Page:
# Cartesian Product of Sets

The term ‘**product**‘ mathematically signifies the result obtained when two or more values are multiplied together. For example, 45 is the product of 9 and 5. One must be familiar with the basic operations on sets like Union and Intersection, which are performed on 2 or more sets. Cartesian Product is also one such operation that is performed on two sets, which** returns a set of ordered pairs**.

**What is an Ordered Pair?**

An ordered pair is a pair of objects where one element is assigned first, and the other element is assigned second, denoted by (a,b). Here ‘a’ is called the first component, and ‘b’ is called the second component of the ordered set.

Example:(5, 7) is an ordered pair of integers.

Note:(5, 7) â‰ (7, 5), an ordered pair (a, b) is equal to (x, y) only if a = x and b = y.

**Cartesian Product of Sets**

A cartesian product of two non-empty sets A and B is the set of all possible ordered pairs where the first component of the pair is from A, and the second component of the pair is from B. The set of ordered pairs thus obtained is denoted by **AÃ—B**.

**A Ã— B = {(a, b) : a âˆˆ A and b âˆˆ B}**

Example:Let A = {1, 2} and B = {4, 5, 6}

A Ã— B = {(1, 4), (1, 5), (1, 6), (2, 4), (2, 5), (2, 6)}

Here the first component of every ordered pair is from set A the second component is from set B.

The Cartesian Product of two sets can be easily represented in the form of a matrix where both sets are on either axis, as shown in the image below. Cartesian Product of A = {1, 2} and B = {x, y, z}

**Properties of Cartesian Product**

**1. The Cartesian Product is non-commutative: A Ã— B â‰ B Ã— A**

Example:A = {1, 2} , B = {a, b}

A Ã— B = {(1, a), (1, b), (2, a), (2, b)}

B Ã— A = {(a, 1), (b, 1), (b, 1), (b, 2)}

Therefore as A â‰ B we have A Ã— B â‰ B Ã— A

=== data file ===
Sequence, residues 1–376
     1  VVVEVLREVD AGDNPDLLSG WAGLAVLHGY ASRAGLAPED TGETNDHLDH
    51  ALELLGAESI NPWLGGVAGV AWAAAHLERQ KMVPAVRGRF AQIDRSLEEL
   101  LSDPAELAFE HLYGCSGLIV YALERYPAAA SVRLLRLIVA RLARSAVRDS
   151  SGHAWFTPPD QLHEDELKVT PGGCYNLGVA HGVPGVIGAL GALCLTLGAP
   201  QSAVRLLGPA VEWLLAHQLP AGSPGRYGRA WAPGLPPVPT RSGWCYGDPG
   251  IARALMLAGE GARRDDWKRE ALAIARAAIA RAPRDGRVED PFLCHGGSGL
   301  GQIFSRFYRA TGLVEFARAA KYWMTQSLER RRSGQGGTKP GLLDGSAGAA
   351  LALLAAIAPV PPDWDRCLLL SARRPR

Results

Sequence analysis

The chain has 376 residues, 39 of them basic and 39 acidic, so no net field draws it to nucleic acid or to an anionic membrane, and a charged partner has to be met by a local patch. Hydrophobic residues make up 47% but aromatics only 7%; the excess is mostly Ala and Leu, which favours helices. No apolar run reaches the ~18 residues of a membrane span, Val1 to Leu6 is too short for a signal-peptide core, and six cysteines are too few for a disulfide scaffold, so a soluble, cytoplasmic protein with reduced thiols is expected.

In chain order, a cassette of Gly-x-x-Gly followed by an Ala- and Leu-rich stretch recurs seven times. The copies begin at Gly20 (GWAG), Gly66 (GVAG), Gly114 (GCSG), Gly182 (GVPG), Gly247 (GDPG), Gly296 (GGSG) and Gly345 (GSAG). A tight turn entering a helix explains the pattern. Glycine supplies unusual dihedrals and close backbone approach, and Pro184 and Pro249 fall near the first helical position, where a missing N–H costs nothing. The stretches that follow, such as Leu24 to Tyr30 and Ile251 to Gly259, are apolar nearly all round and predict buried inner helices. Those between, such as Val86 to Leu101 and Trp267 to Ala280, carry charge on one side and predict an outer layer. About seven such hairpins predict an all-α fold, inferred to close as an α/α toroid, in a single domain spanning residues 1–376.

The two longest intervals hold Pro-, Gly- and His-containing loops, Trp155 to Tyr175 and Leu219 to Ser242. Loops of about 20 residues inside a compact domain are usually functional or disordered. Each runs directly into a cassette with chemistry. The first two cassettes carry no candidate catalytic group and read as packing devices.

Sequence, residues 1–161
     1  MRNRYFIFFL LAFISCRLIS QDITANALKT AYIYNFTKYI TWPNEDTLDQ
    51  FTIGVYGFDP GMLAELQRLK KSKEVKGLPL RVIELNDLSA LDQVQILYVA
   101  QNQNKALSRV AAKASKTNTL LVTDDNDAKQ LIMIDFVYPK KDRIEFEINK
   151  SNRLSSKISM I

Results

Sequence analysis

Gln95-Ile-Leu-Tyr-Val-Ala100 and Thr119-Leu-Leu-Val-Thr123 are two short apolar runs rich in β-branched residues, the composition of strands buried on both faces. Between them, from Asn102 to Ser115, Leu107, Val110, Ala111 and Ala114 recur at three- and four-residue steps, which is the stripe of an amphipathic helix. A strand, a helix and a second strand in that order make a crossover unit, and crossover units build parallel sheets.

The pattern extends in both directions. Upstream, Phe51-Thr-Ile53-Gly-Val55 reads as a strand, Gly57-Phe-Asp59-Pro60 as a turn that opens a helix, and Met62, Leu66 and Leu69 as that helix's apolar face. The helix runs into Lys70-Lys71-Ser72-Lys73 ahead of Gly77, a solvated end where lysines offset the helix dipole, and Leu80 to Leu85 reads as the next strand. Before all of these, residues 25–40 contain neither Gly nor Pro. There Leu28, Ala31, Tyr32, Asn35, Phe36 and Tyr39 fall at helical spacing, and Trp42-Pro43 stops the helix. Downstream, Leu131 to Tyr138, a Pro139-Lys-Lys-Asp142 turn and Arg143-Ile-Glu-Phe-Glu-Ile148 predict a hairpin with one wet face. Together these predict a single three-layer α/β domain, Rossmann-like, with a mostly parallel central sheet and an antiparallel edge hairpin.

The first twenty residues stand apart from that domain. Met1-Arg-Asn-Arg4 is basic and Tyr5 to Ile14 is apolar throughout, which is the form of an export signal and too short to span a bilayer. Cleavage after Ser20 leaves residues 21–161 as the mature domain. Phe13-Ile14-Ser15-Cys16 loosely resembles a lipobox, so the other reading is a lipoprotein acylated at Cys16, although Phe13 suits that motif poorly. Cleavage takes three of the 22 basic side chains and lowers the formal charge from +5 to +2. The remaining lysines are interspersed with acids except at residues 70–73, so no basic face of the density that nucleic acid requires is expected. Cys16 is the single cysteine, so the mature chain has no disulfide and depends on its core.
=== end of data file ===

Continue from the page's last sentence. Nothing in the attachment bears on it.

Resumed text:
**2.** **A Ã— B = B Ã— A, only if A = B**

Proof:Let A Ã— B = B Ã— A then we have

A âŠ† B and B âŠ† A, it follows that A = B

**3. The cardinality of the Cartesian Product is defined as the number of elements in A Ã— B and is equal to the product of cardinality of both sets: |A Ã— B| = |A| * |B|**

Proof:Let a âˆˆ A then the number of ordered pair (a, b) such that b âˆˆ B is |B|.

Therefore we have |B| choices for b for each a where a âˆˆ A therefore the number of element in AÃ—B is |A| * |B|.

**4. A Ã— B = {âˆ…}, if either A = {âˆ…} or B = {âˆ…}**

Proof:We know |{âˆ…}| = 0.

Now we have |A Ã— B| = |{âˆ…}| = 0

As |A Ã— B| = |A| * |B| , we get |A| * |B| = 0

Thus atleast one of |A| or |B| should be equal to 0

Hence either A = {âˆ…} or B = {âˆ…}

**Sample Problems on Ordered Pairs and Cartesian Product of Sets**

**Problem 1: **Find the value of x and y given (2x – y, 25) = (15, 2x + y)?

**Solution:**

As we know from the property of ordered pairs, 2x – y = 15 and 25 = 2x + y.

Solving the linear equations we have x = 10 and y = 5.

**Problem 2.** Given A = {2, 3, 4 , 5} and B = {4 , 16 , 23}, a âˆˆ A, b âˆˆ B, find the set of ordered pairs such that a^{2} < b?

**Solution:**

As 2

^{2}< 16 and 23, 3^{2}< 16 and 23, 4^{2}< 23We have the set of ordered pairs such that a

^{2}< b is {(2, 16), (2, 23), (3, 16), (2, 23), (4, 23)}

**Problem 3. **If A = {9, 10} and B = {3, 4, 6}, find A Ã— B and |A Ã— B|?

**S****olution:**

A Ã— B = {(9, 3), (9, 4), (9, 6), (10, 3), (10, 4), (10, 6)}

|A Ã— B| = |A| * |B| = 2 * 3 = 6

**Problem 4.** If A Ã— B = {(a, x), (a, y ), (b, x ), (b, y)}, find A and B?

**Solution:**

We know A is the set of all first components in ordered pairs of A Ã— B and

B is the set of the second component in the ordered pair of A Ã— B.

Therefore A = {a, b} and B = {x, y}

**Problem 5.** Given A Ã— B has 15 ordered pairs and A has 5 elements, find the number of elements in B?

**Solution:**

We know |A Ã— B| = |A| * |B|, 15 = 5 * |B|

Therefore B has 15 / 5 = 3 elements.

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